Vicky’s parents were screaming, again, their heavy and hot words keeping even the cold January chill at bay from their ill-heated little house where winter crept in through tiny cracks in windows and walls.
Vicky wanted none of it, so she ran out the house barefoot into the surrounding fields of whiter than white snow.
She ran and ran and ran and, when her feet were cold and numb, her light hair dark, damp and heavy, and her tears long, frozen streaks on her red, red cheeks, Vicky sat down in the snow and started to make a snowparent. Not quite a father or a mother, but more than either and somehow less than the thought of both.
When Vicky’s hands too were numb and cold and pale blue like her feet, she sat down and examined the snowparent. It was small, barely any taller than she was, but that was a good height for it, Vicky decided. The snowparent looked imposing, but not threatening.
Then, Vicky got up, pressed her arms around the snowparent, and laid her right cheek bare on its perfectly round chest. The snowparent was cold, so cold. Its touch soothed the burning red flush in Vicky’s cheek where the imprint of a large hand could still be seen. It soothed the hurt that ran deeper in Vicky than the black and purple bruises around her eyes or her too often broken nose.
And, yet, something in the snowparent was lacking.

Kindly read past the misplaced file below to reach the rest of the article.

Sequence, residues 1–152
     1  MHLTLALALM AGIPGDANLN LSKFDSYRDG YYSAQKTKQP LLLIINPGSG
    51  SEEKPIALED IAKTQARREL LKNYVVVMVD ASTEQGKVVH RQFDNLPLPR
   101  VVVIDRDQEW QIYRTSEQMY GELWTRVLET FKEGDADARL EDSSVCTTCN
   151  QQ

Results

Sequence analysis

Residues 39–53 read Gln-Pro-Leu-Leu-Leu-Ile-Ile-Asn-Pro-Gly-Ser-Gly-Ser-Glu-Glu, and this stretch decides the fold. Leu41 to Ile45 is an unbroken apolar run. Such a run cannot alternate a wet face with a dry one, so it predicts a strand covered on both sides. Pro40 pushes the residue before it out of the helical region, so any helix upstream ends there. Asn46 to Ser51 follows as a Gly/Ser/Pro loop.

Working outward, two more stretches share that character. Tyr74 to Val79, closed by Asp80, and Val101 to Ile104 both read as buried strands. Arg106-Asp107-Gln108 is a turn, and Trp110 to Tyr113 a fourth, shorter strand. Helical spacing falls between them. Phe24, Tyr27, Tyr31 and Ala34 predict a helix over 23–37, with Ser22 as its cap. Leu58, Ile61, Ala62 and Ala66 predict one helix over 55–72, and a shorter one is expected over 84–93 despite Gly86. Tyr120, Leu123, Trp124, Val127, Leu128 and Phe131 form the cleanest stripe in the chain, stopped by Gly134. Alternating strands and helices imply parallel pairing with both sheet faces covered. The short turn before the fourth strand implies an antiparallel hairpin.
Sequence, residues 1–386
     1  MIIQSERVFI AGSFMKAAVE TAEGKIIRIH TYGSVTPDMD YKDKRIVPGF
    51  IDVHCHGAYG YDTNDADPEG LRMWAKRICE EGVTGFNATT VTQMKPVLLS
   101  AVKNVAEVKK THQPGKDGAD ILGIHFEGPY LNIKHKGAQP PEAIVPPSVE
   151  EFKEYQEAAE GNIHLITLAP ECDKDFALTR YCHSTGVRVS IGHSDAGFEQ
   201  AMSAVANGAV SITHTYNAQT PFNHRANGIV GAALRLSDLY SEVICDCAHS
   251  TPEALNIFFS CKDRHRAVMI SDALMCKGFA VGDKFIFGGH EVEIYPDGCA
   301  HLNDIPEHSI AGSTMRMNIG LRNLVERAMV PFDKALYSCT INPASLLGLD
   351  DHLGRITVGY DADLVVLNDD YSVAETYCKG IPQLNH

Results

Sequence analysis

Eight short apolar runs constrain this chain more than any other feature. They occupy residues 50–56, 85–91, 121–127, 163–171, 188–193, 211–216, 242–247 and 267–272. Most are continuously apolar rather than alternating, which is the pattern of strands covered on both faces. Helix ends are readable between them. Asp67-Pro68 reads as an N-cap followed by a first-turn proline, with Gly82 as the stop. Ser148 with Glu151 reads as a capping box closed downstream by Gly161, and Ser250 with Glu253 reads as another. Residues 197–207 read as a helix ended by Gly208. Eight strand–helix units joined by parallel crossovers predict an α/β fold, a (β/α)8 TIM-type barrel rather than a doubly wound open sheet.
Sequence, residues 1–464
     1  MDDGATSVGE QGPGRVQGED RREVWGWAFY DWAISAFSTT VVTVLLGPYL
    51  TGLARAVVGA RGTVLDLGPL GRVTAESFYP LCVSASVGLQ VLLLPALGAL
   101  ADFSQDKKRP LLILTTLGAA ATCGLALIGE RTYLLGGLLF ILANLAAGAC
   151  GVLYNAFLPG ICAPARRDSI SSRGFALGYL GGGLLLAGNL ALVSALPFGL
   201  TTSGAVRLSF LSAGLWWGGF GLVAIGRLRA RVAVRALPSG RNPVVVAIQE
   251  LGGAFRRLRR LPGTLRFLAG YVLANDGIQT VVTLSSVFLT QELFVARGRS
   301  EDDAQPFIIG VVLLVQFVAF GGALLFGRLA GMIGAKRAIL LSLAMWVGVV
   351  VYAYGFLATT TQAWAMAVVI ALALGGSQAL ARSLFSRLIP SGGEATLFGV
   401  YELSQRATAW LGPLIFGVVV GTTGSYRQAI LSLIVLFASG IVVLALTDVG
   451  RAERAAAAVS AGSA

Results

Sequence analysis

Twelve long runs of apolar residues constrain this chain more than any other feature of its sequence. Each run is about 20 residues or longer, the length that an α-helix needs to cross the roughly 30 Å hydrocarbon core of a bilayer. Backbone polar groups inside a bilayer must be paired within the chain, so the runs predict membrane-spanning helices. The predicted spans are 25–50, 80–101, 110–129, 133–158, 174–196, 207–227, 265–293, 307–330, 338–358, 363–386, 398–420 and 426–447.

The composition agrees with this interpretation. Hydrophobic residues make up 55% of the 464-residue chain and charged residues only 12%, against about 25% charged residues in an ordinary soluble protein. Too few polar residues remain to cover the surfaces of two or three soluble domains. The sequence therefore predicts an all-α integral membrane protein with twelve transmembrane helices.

So Vicky put a thin, cold, blue finger to the snowparent’s round, round face and drew a smile there.
But the smile didn’t bring Vicky comfort. It was her father’s smile when he shambled throughout the house, a beer in his hand and countless others in his blood; it was her mother’s smile when she returned home from her bingo nights, having spent a week`s worth of grocery money; it was her brother’s smile when he quietly closed her bedroom door, and pulled out his boy scout knife from his back pocket.
It was these and more, so Vicky did the only thing she had ever been taught: she struck the smile off the snowparent’s face with her tiny little fists.
The snowparent’s round, round head fell to the whiter than white ground in a broken heap. Two balls remained and Vicky struck those down too, leaving only a broken little mound where a snowparent had stood.
Then, weary, Vicky laid her head down in that broken heap, that pile of snow no longer a snowparent, closed her grass-green eyes tightly, and waited for the bird songs of spring to wake her.
Dominik J. Parisien is a generally cynical being who is somehow averse to sleeping and has an unhealthy obsession with short fiction. He has written book reviews for the Society Pages — the Quarterly journal of the Literary and Historical Society of Quebec — and has published fiction in Moon Drenched Fables. He also had fiction set to appear in a small press magazine that met its untimely demise prior to publishing his story.